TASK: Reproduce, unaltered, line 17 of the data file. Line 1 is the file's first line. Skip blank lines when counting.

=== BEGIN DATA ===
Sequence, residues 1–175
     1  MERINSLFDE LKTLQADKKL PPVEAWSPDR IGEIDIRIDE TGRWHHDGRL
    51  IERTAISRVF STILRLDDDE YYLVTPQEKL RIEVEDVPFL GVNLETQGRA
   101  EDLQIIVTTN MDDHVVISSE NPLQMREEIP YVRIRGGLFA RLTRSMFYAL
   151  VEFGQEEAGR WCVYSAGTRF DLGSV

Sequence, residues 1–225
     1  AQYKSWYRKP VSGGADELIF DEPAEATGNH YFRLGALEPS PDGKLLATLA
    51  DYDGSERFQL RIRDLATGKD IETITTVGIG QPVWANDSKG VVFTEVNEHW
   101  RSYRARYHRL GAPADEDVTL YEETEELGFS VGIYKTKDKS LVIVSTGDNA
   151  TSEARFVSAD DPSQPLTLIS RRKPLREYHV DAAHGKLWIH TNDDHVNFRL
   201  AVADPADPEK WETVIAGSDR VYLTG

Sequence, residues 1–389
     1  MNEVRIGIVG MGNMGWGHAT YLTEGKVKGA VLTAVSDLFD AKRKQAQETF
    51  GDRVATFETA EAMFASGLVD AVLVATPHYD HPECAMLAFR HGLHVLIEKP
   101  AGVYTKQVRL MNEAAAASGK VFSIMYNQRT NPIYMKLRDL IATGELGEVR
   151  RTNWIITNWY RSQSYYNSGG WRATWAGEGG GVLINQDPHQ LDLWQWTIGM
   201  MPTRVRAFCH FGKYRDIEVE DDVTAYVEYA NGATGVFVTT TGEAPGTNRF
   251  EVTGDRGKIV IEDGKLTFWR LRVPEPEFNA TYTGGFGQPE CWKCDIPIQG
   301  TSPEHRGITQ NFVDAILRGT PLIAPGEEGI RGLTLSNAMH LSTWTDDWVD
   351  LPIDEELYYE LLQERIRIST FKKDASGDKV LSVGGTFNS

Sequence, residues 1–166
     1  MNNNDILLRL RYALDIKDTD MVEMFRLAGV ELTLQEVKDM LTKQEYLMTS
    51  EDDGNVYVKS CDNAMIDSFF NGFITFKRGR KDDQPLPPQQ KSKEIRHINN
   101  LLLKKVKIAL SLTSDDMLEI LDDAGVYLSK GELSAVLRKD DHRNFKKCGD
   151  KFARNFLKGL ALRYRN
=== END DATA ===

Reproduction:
   201  MPTRVRAFCH FGKYRDIEVE DDVTAYVEYA NGATGVFVTT TGEAPGTNRF